English Partnerships spearheads regeneration
English Partnerships, the national regeneration agency, has reported a year of significant progress with a 46 % increase in its programme receipts and an 18% increase in its investment development programme over the year.
The agency plays a key role in regeneration including the remediation of contaminated land, the theme of this month’s special LAWE feature
Reporting on the year, English Partnerships’ Chairman, Margaret Ford, said: “This year has seen an acceleration in the pace and scale of regeneration and housing growth across England. We are pleased with the significant progress our programmes have made to that accelerated delivery.
“Our results speak for themselves: all targets met or exceeded across our £483 million investment in the programme we delivered to meet the Government’s objectives, particularly the Sustainable Communities Plan.”
Pointing to the year ahead, Mrs Ford emphasised the need to maintain the momentum of delivery while embracing innovation and smarter ways of workings across the regeneration industry.
The Sustainable Communities Plan confirmed and extended English Partnerships’ role as expert advisor to the Government on brownfield and in support of other roles.
She said, “The Sustainable Communities Plan requires significant investment in new infrastructure and the provision for these growing communities’ needs to be reflected
in the priorities of the Utilities and across Government.
“The current review of Section 106 provides an opportunity for English Partnerships to structure new approaches to the provision of infrastructure that will mobilise private sector willingness to contribute towards high quality transport links and services and will tap the land values such infrastructure creates.”
Mrs Ford added, “Our success in accelerating the pace and scale of regeneration and housing growth has however created a new set of issues that we need to address to ensure that the quality of our developments keeps pace with the rapid increase in quantity that we have begun to establish.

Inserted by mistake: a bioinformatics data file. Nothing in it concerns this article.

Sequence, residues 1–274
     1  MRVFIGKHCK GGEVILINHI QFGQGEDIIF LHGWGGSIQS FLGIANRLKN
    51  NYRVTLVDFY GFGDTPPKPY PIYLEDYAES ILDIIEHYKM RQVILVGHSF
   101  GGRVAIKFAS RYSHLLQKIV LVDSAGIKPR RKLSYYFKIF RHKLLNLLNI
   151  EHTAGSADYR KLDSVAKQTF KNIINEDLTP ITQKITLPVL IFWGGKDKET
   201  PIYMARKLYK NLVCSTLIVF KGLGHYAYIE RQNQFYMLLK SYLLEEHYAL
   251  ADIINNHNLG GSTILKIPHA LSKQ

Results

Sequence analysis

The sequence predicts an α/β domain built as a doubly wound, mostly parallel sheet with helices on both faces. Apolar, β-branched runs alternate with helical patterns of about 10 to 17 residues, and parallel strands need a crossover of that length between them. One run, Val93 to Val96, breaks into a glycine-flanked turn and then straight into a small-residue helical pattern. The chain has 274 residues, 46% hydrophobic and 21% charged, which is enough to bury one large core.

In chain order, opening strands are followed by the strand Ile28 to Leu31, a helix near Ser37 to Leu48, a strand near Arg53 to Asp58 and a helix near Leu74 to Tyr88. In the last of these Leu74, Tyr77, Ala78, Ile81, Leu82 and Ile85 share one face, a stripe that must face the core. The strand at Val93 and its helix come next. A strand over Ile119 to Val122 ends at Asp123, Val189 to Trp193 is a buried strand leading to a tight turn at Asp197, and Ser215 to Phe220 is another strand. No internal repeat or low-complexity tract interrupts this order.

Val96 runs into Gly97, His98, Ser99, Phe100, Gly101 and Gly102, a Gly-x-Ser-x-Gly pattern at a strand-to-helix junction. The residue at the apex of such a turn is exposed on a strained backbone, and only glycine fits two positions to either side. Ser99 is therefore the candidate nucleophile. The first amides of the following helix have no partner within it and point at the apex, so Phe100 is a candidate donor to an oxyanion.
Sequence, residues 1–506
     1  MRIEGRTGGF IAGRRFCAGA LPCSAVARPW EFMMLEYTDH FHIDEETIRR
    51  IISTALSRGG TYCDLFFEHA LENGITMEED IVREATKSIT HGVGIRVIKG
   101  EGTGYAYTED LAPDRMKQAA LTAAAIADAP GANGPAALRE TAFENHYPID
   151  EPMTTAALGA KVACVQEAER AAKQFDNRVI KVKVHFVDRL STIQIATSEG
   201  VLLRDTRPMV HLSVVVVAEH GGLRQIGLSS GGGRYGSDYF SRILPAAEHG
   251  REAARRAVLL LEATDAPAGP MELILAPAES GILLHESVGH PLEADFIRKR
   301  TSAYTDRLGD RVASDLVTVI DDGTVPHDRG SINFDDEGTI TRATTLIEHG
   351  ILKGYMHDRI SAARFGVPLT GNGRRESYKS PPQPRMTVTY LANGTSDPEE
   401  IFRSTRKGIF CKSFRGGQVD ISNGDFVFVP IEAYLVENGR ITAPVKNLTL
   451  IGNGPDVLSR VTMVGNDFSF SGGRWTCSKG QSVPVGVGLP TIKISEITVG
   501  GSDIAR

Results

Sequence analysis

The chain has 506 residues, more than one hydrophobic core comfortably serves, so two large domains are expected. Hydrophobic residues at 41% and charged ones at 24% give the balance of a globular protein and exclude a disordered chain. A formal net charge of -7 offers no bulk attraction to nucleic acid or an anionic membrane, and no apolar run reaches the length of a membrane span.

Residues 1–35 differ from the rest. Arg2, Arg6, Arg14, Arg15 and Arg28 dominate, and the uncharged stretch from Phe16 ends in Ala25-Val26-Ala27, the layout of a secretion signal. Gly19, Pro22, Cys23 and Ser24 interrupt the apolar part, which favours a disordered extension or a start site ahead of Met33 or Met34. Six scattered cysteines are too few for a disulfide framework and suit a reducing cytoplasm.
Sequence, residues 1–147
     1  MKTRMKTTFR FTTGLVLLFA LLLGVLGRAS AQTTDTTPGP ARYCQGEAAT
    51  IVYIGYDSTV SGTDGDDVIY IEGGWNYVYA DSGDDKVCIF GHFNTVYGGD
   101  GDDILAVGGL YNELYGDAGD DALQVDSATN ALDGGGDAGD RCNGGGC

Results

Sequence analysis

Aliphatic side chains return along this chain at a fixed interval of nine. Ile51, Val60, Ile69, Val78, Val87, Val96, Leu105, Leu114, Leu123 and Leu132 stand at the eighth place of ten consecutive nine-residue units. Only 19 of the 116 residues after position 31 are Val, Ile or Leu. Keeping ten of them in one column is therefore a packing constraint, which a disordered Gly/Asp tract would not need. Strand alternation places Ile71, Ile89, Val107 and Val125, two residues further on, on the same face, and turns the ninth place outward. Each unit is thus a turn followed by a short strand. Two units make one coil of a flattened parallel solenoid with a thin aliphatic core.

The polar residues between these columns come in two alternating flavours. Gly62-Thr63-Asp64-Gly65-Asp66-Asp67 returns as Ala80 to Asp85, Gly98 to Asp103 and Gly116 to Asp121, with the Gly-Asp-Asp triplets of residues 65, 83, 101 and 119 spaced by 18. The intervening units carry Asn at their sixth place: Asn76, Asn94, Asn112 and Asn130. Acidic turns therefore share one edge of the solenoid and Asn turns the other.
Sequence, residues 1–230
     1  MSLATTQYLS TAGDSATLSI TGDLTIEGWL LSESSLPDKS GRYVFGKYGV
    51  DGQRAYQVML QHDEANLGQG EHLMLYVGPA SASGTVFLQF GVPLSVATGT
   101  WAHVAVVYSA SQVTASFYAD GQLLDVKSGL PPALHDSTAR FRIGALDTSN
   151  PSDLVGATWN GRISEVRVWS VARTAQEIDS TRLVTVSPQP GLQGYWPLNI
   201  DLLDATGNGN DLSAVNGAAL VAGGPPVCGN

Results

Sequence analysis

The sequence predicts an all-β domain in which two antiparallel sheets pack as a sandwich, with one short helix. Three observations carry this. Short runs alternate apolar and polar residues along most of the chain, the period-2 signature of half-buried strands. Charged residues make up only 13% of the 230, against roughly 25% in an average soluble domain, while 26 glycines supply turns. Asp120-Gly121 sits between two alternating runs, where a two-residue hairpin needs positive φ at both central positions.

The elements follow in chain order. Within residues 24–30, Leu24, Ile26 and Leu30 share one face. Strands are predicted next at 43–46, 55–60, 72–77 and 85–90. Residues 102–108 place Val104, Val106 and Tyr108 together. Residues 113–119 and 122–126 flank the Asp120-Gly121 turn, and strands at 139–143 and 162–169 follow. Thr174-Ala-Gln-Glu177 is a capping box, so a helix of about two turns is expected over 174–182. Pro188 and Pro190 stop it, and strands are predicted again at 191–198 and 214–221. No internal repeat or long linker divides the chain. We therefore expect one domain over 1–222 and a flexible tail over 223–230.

“These issues relate to the increasing demand for new skills, new infrastructure and new investment.”
Focus on delivery
Chief Executive, David Higgins, said that in the forthcoming year the agency would concentrate on delivery of its projects coupled with a commitment to rising design and construction standards.
He said, “Acceleration of our delivery will be a key theme for us going forward. This is clearly demonstrated with our announcement we are now seeking developers for the first former hospital site since taking over the portfolio of 67 redundant NHS properties three months ago.
“We are planning more than 1,000 new homes for the former Park Prewett hospital site in Basingstoke.
“Another good example of our focus on effective delivery, was the appointment of developers following a two stage competition for the former RAF staff college in Bracknell in under 12 months.
“We have had a tremendous year in terms of what we have delivered, but we are now gearing up to achieve much more significant results, increasing the number and mix of new homes, reclaiming brownfield land and bringing forward the re-use of surplus public sector land.”
As part of its National Brownfield Strategy, English Partnerships launched a pilot scheme in February 2005 aimed at addressing the future use of long-term derelict land in 14 local authority areas.
The pilot areas provide a mix of urban and rural sites to test the different models of private investment and community involvement. The objective of the pilot is
to open up these sites for commercial or recreational use. Findings will be fed into
the National Brownfield Strategy which will be published in Spring 2006.
The Report says that the National Land Use Database (NLUD), operated in conjunction with the ODPM, has proved to be a “key tool” in identifying and classifying brownfield land. This year returns detailing more than 64,000 ha of previously developed land were received from 94% of local authorities, making it the most comprehensive survey ever undertaken of brownfield land in England. This has had a significant impact on the accuracy and effectiveness of the NLUD data and its position to inform English Partnerships’ projects, including the National Brownfield Strategy.
English Partnerships’ single biggest contribution to the regeneration of brownfield land remains the National Coalfields Programme, which has been extended by an extra five years to enable the full economic and social benefits of the initial sites to be realised and to deliver 15 additional sites.
Since its inception in 1996, the Programme has resulted in 1,620 ha of land being brought into productive use, of which 1,495 ha is reclaimed land.
English Partnerships spearheads regeneration